Tuesday, December 23, 2014

Hard to do Positive Things with a Negative Focus

I said something the other day to one of my athletes....

"It's hard to accomplish positive things if you are constantly focused on negatives."

So often, athletes ruin any sense of confidence in themselves, by focusing on the negatives of their performances, training, lifestyle or injuries. Many miss the enjoyment of training and improving, and most certainly the rewards of it, when they focus on all the things they can't do, or why they can't win, or do well, or stay healthy.

What is your focus on? The negatives, weaknesses and challenges? Or your approach to getting better, and excitement about improving?

Coach Vance

Tuesday, December 16, 2014

Training Doesn't have to be Complicated to be Successful

I hear a lot of athletes and coaches spouting out their knowledge about training, using complex terms, or creating complicated workouts. It really doesn't need to be complicated to be successful though. If I put a list of the most important things, complicated or super-scientific training isn't listed anywhere near the top.

Things that are near the top? Consistency first, then injury prevention, recovery, diet, sleep, and progression of training load are just a few I would rank near the top, or at least well ahead of the complexity of training. I have seen plenty of athletes train in ways which go against common exercise science, but because they are consistent, and do many of these other things, are still able to do fairly well and improve.

If you're going for an Ironman World Championship, Olympic Gold Medal, or ITU WTS Championship, you need to really look at the science behind every decision you make in training and recovery. But that's a very limited group of athletes and coaches, who can control many other variables in their lives, (not having to balance a job, full-time focus on training and recovery), so it doesn't apply to most athletes.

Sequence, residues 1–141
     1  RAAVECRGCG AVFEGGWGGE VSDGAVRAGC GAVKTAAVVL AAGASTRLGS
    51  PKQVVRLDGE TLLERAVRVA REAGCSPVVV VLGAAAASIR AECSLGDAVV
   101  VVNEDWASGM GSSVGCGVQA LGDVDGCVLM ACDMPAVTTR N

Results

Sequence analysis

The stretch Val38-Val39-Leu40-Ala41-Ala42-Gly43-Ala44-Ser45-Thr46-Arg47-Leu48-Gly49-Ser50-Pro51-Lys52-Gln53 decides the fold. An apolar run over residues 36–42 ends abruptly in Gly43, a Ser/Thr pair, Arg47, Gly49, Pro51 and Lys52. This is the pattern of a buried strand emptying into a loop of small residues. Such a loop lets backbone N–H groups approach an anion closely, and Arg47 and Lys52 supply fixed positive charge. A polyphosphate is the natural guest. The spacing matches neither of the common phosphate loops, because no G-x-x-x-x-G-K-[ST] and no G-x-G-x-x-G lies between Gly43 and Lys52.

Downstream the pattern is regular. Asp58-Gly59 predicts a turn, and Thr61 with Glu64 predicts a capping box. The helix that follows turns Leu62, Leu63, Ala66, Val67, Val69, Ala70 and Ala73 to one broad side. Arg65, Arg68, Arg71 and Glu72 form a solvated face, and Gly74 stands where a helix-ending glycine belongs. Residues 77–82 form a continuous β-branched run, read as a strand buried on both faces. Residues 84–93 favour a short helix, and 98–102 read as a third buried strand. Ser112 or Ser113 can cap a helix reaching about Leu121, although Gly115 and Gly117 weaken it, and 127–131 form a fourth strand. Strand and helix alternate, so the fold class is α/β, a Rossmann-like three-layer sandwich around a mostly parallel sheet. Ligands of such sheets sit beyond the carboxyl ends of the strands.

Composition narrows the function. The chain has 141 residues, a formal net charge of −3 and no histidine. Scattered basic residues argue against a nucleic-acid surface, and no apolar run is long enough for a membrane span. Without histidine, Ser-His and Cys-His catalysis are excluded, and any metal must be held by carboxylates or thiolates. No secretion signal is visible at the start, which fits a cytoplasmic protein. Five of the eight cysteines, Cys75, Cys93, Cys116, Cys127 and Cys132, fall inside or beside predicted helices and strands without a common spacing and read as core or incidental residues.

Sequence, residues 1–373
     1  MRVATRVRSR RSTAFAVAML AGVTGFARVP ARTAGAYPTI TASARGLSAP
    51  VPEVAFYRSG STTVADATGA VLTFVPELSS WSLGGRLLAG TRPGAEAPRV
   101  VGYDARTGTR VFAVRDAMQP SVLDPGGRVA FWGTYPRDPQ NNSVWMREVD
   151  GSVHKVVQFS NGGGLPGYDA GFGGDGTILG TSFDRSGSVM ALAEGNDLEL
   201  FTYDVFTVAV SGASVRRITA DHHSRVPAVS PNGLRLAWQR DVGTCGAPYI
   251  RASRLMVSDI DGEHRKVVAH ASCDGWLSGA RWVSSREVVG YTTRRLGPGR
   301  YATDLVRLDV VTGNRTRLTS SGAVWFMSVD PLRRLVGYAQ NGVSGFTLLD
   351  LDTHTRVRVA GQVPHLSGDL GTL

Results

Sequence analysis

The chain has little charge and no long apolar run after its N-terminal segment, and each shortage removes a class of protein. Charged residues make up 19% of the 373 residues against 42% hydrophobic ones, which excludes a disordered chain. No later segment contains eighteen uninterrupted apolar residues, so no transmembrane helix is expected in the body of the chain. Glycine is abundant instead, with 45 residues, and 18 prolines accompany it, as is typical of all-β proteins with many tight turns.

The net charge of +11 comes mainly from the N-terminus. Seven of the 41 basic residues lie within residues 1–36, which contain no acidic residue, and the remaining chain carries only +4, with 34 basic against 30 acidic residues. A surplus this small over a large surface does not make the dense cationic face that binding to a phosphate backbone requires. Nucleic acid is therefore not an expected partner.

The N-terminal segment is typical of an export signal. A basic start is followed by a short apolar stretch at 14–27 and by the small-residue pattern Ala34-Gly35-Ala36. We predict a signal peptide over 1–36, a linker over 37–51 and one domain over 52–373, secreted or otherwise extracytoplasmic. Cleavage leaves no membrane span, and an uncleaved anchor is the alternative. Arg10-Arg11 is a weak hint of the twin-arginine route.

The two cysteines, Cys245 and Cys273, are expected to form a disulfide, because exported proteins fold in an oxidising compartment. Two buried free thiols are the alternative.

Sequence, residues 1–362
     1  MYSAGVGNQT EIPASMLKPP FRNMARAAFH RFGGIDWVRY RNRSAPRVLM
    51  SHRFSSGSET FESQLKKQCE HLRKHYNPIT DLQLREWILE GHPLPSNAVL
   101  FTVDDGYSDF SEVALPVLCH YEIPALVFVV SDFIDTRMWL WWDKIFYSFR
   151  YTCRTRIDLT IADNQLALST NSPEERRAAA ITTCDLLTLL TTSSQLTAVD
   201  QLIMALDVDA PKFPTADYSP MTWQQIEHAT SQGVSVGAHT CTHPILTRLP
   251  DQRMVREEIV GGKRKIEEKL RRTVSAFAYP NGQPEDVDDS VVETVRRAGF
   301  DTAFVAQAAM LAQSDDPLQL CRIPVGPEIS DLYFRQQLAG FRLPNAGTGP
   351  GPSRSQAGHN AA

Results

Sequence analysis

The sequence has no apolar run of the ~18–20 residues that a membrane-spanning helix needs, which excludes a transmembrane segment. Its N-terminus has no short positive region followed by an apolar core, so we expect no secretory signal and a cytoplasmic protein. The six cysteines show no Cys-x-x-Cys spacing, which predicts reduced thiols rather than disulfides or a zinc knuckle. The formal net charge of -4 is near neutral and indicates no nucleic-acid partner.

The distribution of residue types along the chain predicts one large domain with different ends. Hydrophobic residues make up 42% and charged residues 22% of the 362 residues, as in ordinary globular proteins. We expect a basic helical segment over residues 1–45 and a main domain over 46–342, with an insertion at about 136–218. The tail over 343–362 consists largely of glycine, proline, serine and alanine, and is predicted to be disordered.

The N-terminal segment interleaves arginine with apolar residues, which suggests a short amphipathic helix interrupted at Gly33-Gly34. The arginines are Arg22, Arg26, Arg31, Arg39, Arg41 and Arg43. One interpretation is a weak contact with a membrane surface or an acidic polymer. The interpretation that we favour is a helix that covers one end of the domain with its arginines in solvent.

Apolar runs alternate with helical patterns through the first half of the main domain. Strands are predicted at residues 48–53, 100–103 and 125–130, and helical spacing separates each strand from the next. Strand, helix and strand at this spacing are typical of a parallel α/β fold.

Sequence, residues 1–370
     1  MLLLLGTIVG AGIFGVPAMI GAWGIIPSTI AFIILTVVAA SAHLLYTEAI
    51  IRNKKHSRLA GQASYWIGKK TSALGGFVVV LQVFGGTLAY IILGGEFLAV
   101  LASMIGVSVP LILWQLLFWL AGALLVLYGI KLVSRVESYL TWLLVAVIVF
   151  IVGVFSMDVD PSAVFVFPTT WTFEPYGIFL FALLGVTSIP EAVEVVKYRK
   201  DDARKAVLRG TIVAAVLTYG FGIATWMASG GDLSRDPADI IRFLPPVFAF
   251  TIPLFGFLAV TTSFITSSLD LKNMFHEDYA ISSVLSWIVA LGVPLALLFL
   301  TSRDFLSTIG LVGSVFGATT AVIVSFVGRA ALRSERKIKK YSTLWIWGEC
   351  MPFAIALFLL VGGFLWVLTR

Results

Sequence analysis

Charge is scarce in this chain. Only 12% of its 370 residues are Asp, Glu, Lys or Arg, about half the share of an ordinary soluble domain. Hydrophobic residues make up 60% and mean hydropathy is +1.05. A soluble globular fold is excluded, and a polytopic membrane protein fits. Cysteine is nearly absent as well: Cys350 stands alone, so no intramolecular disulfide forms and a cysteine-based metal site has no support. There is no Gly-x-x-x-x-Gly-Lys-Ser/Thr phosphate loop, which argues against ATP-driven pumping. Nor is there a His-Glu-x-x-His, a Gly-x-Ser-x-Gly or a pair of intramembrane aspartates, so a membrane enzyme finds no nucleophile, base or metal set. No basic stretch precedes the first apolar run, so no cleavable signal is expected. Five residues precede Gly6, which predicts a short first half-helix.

Keep the training simple, and be consistent. Stop making it complicated, and you'll likely be successful if you are consistent in executing it.

Coach Vance

Tuesday, December 9, 2014

Simple Steps for Planning Your Season

Here's an article I wrote for TrainingPeaks on how to plan your season, simply and effectively. I think you'll find it helpful if you're looking to find that breakthrough.

Admit it. You’ve seen patterns in your training and racing, and how the results are affected. There’s a time of year you find yourself “killing it” in training and races. There are other parts of the year where you struggle, battle plateaus, mentally struggle, and can’t seem to find the magic on race day that you found in other times of the year.

Phases and Concepts

It’s time to review your planning for those seasons, (or lack of planning), and try to learn from the patterns and plan your training so you can avoid the roller coaster. Ideally, a season shouldn’t have many up and downs, but sometimes a step back at the right time, both mentally and physically, can prevent big peaks and valleys. I prefer to use three phases when planning: Transition (period of recovery between seasons), General Preparation, and Specific Preparation. These will be discussed in more detail below.
In addition to planning out your season in phases, you need to look at a two key concepts that we know about training- variance and specificity. Both are necessary in order to plan your season effectively.
You can read the rest of the article here. I hope you enjoy it!

Coach Vance

Tuesday, December 2, 2014

Is it really race nutrition that's the issue?

If you're finding that in an Ironman you always have stomach issues you can't explain? Feeling frustrated that suddenly your nutrition plan fails you? Maybe the problem isn't your nutrition?

There is no nutritional plan on earth which will make up for poor pacing. If you push the bike, you run the risk of the stomach becoming too sensitive to handle what you put in it. Put more in your stomach, and the odds of GI distress is even greater.

If you race at a higher intensity than you train at, and then suffer stomach issues, the issue isn't the nutrition so much as it's the intensity and pacing during your race.

Many athletes think the goal is to shove as many calories in their gut as it can process. The goal should be to simply take in as much as you need to accomplish your goal. Anything more than that, and the risk of GI distress greatly increases, ESPECIALLY if the athlete is racing HARD.

If your training doesn't match your race intensity, and you are having stomach issues, look at your training and race execution, first, and then match your caloric intake and concentrations to that proper intensity.

Coach Vance